My post from yesterday raised questions about the economics of nuclear power plants. So, as is my custom, I spent five minutes on Wikipedia absorbing as many misconceptions about this topic as I could.
The first important concept to understand is that solar and wind power can never replace more than 20 percent of the world's total energy needs because they are not reliable sources for any given hour of the day. We still need baseline energy production.
And then you have the problem of getting the energy from where it is produced to where you need it. That means Nebraskans won't be powering their microwaves from ocean wave energy any time soon.
The economics of nuclear power plants aren't as easy to calculate as you might assume. One of the bigger unknowns is what technological breakthroughs we'll see in the next twenty years. In other words, is the most economical way to build the next nuclear power plant to wait 20 years before you start, thus benefitting from new technology?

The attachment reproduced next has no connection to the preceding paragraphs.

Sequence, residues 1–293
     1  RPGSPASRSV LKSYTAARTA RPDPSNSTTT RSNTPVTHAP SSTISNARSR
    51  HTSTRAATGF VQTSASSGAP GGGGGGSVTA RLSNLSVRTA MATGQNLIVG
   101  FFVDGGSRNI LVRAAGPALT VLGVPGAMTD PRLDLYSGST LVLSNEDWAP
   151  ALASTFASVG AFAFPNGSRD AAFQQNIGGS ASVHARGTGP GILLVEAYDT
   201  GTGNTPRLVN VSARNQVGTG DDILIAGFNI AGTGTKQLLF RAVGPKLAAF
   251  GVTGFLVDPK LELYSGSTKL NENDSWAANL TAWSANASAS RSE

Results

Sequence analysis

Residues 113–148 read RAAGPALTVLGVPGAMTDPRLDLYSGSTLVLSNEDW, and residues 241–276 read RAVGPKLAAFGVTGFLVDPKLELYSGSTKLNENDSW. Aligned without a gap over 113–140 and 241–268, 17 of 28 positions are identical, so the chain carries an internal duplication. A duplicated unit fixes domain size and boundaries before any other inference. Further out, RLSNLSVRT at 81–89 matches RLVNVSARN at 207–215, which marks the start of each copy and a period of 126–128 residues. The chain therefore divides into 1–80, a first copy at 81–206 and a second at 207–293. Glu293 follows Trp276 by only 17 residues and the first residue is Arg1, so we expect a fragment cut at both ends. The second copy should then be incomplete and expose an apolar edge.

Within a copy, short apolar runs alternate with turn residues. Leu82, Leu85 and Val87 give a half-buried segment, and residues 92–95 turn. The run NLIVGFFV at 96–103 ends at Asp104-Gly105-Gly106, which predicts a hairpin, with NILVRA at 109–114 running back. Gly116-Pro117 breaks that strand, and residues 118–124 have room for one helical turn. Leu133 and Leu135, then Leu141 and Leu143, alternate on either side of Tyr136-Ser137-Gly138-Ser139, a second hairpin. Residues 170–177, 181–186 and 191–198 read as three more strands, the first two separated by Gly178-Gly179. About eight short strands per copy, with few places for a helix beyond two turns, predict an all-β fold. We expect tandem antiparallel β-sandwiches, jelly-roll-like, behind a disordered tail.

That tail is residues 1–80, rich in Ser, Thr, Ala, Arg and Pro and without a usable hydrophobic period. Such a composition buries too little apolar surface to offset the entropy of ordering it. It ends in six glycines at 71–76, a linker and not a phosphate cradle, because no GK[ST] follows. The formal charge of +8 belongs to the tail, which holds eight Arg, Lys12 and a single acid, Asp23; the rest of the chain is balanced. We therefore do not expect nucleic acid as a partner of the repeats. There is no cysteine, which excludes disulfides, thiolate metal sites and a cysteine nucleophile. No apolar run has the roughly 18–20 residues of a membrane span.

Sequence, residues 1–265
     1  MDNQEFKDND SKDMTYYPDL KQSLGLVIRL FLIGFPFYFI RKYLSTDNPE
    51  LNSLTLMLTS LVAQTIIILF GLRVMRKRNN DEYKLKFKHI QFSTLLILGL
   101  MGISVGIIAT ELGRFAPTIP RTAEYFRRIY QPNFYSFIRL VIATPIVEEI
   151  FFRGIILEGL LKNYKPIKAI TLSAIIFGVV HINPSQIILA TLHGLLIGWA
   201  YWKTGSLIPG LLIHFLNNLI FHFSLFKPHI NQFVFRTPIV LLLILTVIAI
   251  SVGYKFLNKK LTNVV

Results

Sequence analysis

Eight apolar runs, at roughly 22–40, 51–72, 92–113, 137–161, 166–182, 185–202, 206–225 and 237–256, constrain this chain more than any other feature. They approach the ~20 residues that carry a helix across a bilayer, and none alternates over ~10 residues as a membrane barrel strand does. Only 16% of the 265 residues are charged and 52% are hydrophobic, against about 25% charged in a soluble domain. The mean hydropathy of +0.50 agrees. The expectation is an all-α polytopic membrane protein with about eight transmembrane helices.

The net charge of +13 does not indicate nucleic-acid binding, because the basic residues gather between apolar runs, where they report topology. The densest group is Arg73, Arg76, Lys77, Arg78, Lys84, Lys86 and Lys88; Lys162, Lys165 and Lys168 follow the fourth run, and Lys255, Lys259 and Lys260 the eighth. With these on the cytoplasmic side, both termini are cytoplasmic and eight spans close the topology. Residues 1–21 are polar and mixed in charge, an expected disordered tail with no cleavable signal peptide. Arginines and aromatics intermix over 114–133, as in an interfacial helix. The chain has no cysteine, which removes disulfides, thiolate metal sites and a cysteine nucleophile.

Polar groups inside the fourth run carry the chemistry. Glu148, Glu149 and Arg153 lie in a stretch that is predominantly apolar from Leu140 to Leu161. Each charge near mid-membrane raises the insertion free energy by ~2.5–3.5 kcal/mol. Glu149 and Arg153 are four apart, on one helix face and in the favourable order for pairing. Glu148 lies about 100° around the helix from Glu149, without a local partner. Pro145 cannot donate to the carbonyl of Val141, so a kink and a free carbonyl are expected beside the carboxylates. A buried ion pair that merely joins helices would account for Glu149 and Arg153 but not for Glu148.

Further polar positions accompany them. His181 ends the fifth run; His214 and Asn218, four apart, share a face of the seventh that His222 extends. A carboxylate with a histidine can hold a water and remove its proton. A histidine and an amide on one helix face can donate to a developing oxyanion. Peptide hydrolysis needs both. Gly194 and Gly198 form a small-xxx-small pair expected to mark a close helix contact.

And who can predict technological breakthroughs in renewable energy? If someone comes up with an absurdly cheap way to store electricity, or to transmit it thousands of miles without much loss, then solar and wind have more potential than anyone imagined. And if the scientists figure out how to inexpensively turn just about any fast-growing organic matter into oil through chemistry, that's a game changer.
And what are the costs for the fossil fuel alternatives? What price do you assign to the human contribution to global warming, and the occasional war over oil?
The U.S. nuclear power debate usually gets characterized as a wrestling match between irrational scaredy cats and clear-headed rationalists, refereed by a comically incompetent government. The only thing I know for sure is that no one can understand the economics of a 40-year investment.